Artwork for Mark Levinson products

Tech Talk

Tech Talk

Artwork Creation for Mark Levinson Audio Products

By Joe Jagenow
Principal Mechanical Engineer,
HARMAN Luxury Audio Group

Peter Kuel headshot

Many custom components that are assembled into Mark Levinson audio equipment require artwork to be created. In some cases, the artwork is added to a component for cosmetic reasons, for example a logo or model name, while in other cases we need to apply regulatory markings to a product for compliance purposes.

The process for creating and releasing this artwork to our system of vendors involves many different steps and programs to create precise and attractive graphics that are worthy of the Mark Levinson brand legacy.

First, the component is designed using Solidworks Desktop 3D CAD software. This software ensures that any outlines, holes, or cuts in a part or panel line up exactly with the associated parts that make up a mechanical assembly. For a rear panel design, CAD models will be created or downloaded for each electronic component, and outlines will be made on the part using these CAD models as reference, as shown in Figure 1.

Figure 1: Rear panel layout with label placed into assembly.

These outlines will need to be dimensioned, so that they cannot be inadvertently changed or altered after they have been created. Figure 2 shows an example rear panel, and the various sketch features that define the cutouts and holes in the part.


Figure 2: Sketch features define the part cutouts.

Once the part cutouts have been defined the 3D CAD files can be exported to a vendor for manufacturing, but a 2D drawing must also be created to provide detailed specifications for the materials and tolerances for the part. Figure 3 shows an example 2D drawing of a rear panel label component.

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Figure 3: 2D drawing that defines the part geometry and specifications.

In addition to the 2D drawing for the vendor, a separate PDF version of the drawing is created. This drawing is scaled to actual size and contains just the part outlines, as shown in Figure 4. This one-to-one scaled PDF can then be imported into Adobe Illustrator.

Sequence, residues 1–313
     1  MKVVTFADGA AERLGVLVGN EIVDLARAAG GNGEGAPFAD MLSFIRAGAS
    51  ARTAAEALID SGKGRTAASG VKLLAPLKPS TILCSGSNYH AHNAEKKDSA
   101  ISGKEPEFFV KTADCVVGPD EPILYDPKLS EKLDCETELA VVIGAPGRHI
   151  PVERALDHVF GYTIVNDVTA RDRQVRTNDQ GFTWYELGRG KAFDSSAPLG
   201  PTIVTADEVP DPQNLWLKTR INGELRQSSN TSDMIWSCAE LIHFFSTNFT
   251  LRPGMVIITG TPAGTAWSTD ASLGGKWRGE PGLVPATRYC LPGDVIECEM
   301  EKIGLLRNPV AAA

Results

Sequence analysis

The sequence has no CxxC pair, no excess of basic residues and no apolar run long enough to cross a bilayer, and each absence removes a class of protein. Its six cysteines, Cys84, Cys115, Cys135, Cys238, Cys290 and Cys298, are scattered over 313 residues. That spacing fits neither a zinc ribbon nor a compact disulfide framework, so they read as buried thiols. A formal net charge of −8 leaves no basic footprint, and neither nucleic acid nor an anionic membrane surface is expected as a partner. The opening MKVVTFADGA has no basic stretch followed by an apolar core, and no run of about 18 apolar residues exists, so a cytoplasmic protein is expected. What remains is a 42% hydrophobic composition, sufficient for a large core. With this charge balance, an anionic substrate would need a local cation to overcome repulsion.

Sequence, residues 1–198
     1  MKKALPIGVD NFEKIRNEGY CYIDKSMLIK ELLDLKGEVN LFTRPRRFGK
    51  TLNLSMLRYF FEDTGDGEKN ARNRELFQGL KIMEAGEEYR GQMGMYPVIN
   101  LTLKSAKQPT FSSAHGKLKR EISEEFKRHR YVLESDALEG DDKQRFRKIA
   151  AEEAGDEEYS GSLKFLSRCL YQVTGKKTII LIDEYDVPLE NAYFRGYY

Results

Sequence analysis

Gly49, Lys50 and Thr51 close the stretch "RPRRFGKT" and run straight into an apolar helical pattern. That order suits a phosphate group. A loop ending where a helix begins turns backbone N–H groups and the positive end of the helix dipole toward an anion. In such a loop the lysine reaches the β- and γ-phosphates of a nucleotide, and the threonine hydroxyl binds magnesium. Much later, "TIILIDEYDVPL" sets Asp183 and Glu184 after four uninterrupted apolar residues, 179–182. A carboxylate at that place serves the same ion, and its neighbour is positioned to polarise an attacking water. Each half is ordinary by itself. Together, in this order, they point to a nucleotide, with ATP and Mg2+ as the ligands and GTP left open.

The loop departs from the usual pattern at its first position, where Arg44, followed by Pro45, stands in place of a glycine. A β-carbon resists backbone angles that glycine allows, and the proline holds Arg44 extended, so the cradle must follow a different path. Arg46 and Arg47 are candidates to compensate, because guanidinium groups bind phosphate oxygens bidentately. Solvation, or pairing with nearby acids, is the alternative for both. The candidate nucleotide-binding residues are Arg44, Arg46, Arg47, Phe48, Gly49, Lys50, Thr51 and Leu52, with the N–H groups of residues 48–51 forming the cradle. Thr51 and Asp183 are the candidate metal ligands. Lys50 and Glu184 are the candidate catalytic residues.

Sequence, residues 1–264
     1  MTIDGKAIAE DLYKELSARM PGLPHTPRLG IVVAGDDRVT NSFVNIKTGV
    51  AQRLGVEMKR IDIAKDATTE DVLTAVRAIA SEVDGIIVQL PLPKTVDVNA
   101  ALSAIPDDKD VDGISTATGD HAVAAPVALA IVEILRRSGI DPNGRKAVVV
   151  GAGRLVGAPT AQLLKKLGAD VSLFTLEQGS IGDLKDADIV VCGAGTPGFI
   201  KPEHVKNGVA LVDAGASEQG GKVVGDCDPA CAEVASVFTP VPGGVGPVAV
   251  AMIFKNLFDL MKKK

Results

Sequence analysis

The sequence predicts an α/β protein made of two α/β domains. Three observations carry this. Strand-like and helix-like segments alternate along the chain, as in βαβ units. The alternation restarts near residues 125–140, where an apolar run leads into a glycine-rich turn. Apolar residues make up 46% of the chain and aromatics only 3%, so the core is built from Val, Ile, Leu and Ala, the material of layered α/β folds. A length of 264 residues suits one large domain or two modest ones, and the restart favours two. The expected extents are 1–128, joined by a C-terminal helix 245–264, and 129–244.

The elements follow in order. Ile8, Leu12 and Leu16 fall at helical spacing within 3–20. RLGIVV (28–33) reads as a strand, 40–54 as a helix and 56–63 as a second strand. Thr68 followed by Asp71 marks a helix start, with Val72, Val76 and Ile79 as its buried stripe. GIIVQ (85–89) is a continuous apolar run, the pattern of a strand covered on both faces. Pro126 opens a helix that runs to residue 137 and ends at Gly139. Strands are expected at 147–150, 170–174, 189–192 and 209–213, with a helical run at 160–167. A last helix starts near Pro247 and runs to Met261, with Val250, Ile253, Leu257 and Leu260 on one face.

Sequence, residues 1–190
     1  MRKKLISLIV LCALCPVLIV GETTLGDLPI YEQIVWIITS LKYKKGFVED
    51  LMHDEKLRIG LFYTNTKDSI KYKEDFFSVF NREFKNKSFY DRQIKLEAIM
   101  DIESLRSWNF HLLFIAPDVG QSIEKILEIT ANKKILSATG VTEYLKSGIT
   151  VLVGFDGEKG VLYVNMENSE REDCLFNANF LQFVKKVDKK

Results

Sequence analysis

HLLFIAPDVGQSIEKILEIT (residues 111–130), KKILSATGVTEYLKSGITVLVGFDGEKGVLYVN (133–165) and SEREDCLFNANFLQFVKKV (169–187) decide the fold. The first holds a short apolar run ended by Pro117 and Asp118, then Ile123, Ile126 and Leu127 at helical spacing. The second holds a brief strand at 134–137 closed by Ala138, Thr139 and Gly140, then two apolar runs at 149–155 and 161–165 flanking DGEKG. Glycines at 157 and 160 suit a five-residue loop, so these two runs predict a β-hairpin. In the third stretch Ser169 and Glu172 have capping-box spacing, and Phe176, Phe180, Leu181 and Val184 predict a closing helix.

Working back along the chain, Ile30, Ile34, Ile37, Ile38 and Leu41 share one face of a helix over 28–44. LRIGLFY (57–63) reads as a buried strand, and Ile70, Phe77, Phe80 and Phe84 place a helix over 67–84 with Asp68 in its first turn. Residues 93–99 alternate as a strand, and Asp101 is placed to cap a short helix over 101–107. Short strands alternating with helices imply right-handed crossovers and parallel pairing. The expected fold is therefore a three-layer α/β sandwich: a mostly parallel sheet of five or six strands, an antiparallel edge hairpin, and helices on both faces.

Figure 4: Line drawing used for artwork creation.

Once the artwork file has been opened in Adobe Illustrator, the part outlines can be saved to a layer and used as reference for applying artwork to the component. Illustrator allows for graphic files such as logos or compliance markings to be imported, lines to be drawn, colors to be documented, and different layers of graphics to be separated for printing.

For this example label, we have created a black background, which has been added to its own layer in Illustrator as shown in Figure 5.

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Figure 5: Background layer in Illustrator.

Next, we may need to add the “CE” marking for compliance in the EU, or add text that indicates which cutouts correspond to the inputs or outputs. We can also add markings around the ON/OFF switch, USB and ethernet connectors, and the trigger in/out connectors. Illustrator allows for changes to the font style and text size, as well as alignment of the text to the existing mechanical cutouts. The graphics items can be placed on their own layer in Illustrator, and graphics of different colors separated to unique layers as well, as shown in Figure 6.

Figure 6: Artwork layers in Adobe Illustrator.

The finalized graphic file receives its own part number, separate from the mechanical part that it reports to in the product bill of materials. This enables a standardized label design to be printed with different artwork files, depending on the top-level part number designation. This reduces development time for new products, by allowing us to reuse label outlines for multiple products. For example the ML-50 rear panel label file shown in Figure 5 has similar dimensions to the No536 rear panel label, but has totally unique graphics applied to the label for this new product.

We will need to provide a version of the artwork file to the vendor, but first we convert any text to outlines. This eliminates the need for a vendor to download specific fonts while preventing any text from being manipulated unnecessarily. We save the outlines file separately from the original artwork file, so internal changes can be made later if necessary. We also export a PDF version of the artwork for the Products team to review, to ensure the text is accurate and meets the product requirements.

We can also export an image version of the artwork as a JPG or PNG, which can then be imported back into the 3D CAD software. Solidworks has a label feature, which allows for an image file to be mapped onto a part as shown in Figure 7. The image files can also be imported into KeyShot 2D rendering software, for the creation of high-quality renderings that are used in web or print documents.